The Secretary of State for Universities has been forced to defend a decision to cut funding for students studying for second degrees, ahead of a speech in which he will call for universities to help enhance the skills of the nation's workforce.
In an interview with The Times Higher ahead of the Universities UK conference this week, John Denham said that it was more important to spend money on people who had never had the opportunity to go to university than on those already holding higher education qualifications.
As The Times Higher went to press, Mr Denham was due to give a speech on the "scale of the challenge" for higher education if Lord Leitch's target for more than 40 per cent of adults to hold a higher education qualification by 2020 is to be met.
But a letter Mr Denham sent last week to the Higher Education Funding Council for England asked it to phase out the support it gives to institutions for people studying for second degrees or lower qualifications, with support reduced by £100 million a year by 2010-11.
Universities UK says the cuts will mainly affect Leitch-agenda adults studying part-time.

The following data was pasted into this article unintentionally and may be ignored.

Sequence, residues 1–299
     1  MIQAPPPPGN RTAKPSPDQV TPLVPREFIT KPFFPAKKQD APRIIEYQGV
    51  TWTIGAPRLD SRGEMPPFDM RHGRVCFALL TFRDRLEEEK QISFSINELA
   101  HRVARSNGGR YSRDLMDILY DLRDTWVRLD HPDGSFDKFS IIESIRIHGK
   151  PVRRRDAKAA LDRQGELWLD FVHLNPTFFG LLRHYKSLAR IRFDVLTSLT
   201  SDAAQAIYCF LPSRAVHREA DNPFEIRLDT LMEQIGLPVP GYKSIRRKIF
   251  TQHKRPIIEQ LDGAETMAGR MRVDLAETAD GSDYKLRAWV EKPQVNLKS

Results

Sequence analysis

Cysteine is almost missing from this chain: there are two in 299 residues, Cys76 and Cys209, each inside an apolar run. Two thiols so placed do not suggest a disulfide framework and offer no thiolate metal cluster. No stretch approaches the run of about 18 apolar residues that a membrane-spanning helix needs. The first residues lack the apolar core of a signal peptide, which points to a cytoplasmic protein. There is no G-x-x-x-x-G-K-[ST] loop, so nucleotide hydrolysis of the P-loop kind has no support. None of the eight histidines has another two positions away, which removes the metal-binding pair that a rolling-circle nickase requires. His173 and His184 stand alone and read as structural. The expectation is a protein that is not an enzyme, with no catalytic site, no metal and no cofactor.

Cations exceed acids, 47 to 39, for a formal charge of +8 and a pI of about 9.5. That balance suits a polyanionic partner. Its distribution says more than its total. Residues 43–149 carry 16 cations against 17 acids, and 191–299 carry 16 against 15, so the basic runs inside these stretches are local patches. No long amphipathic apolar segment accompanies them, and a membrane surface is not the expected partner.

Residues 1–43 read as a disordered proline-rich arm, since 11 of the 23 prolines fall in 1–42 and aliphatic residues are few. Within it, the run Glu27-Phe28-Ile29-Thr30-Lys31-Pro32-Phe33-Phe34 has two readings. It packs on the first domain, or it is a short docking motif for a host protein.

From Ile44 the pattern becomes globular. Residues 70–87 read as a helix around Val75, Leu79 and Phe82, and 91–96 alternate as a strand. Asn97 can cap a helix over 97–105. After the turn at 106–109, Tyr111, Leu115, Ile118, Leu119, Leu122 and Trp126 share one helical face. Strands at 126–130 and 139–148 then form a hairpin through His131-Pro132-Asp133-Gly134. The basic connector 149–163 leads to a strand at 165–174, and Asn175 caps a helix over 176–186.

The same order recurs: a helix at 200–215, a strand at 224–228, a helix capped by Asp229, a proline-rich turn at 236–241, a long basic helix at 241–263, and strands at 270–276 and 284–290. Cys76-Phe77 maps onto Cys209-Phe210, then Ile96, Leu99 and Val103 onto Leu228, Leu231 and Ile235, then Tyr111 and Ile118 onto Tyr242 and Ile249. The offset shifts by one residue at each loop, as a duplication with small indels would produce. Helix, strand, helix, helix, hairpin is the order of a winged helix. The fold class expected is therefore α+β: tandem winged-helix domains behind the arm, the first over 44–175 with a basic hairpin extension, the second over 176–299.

David Latchman, master of Birkbeck, University of London, said: "For the first time the Government is saying 'we will not fund universities to teach this group of students even though they are UK residents taking a UK degree'."
Brenda Gourley, vice-chancellor of the Open University, said it would stop people reskilling.
Mr Denham said: "It is better to spend the money on people who have never had the opportunity to study for a degree than on those who have already been funded quite significantly by the taxpayer to do a first degree."
He said the Government wanted more mature students educated to degree level, but that could not translate "into a sort of unlimited right to continue to get taxpayer support when others have never had the chance."
He said the Government would work with universities through "a transitional period that will need to be handled very carefully."